Government urged to establish mechanism to control human trafficking, modern slavery
Islamabad: Civil society organisations on Wednesday urged the Ministry of Interior (MOI) to develop a referral mechanism to curb human trafficking and modern slavery in Pakistan.
A statement issued by Sustainable Social Development Organisation (SSDO) says that human trafficking is becoming serious issue in Pakistan where thousands of innocent Pakistanis are transferred from Pakistan to other countries by giving them greed of jobs and business through agents.
“Pakistan has no clear policy on these issues to protect its citizens’ from trafficking or to ensure the rights of labour and counter illegal migration,” claimed the statement. It mentions that Pakistan faces the risk to be included in the blacklist if the country failed to develop a mechanism to address the human trafficking and modern slavery issues.
Pakistan’s border with Iran and Afghanistan is generally used to take the innocent people to other countries by giving them greed of jobs and business to other countries. These citizens are exploited by travel agents and traffickers in other countries by abusing them for bonded labour, child abuse, sexual abuse and many other heinous crimes and human rights violations.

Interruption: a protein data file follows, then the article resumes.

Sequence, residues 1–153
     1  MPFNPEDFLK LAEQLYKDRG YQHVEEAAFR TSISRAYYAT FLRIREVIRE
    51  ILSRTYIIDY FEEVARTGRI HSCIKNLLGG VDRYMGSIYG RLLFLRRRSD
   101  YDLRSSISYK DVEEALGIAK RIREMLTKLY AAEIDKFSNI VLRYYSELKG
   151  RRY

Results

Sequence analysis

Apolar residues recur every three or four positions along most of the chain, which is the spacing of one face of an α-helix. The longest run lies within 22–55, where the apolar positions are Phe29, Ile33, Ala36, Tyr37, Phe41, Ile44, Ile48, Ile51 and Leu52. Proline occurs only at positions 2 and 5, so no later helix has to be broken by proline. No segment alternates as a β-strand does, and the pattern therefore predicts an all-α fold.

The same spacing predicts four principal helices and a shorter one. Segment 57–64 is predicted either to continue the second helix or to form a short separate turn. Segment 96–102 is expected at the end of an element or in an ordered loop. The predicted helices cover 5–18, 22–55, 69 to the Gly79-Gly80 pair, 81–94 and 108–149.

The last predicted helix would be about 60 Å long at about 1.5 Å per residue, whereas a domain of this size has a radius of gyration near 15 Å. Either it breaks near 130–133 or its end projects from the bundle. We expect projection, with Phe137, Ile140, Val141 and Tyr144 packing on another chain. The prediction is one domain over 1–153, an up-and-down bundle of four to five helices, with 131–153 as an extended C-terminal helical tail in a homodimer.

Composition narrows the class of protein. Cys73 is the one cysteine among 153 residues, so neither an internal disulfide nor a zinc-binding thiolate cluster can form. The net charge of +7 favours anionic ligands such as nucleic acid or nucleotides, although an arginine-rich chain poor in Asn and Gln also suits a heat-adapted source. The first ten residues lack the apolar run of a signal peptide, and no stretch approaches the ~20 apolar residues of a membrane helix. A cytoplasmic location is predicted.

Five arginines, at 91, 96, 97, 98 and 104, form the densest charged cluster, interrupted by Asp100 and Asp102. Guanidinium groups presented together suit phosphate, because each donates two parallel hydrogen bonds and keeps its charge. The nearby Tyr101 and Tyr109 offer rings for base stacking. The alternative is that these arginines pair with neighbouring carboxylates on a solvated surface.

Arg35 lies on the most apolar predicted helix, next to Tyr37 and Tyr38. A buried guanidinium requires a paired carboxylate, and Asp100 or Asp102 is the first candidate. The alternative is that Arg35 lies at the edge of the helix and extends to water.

“The government does not have the mechanism to protect the victims of trafficking and provide them counselling in their centres. The referral mechanism is developed by most of the countries that provides protection to the victims of trafficking by their respective immigration authorities. The Ministry of Interior and Narcotics control needs to develop a policy to counter the trafficking issues on immediate basis to protect the citizens from traffickers,” says the statement.
The statement also suggests establishing a think tank or advisory group comprising parliamentarians, academics, media persons, lawyers, civil society organizations, officials of concerned law enforcement agencies, and representatives of all the provinces so that a comprehensive mechanism should be developed both at national and provincial levels.
“The new government should therefore take this issue seriously as its priority agenda. To begin with, orientation sessions should be arranged for all the stakeholders to apprise and capacitate them to fight this alarming issue that has yet been a neglected issue in Pakistan,” it states.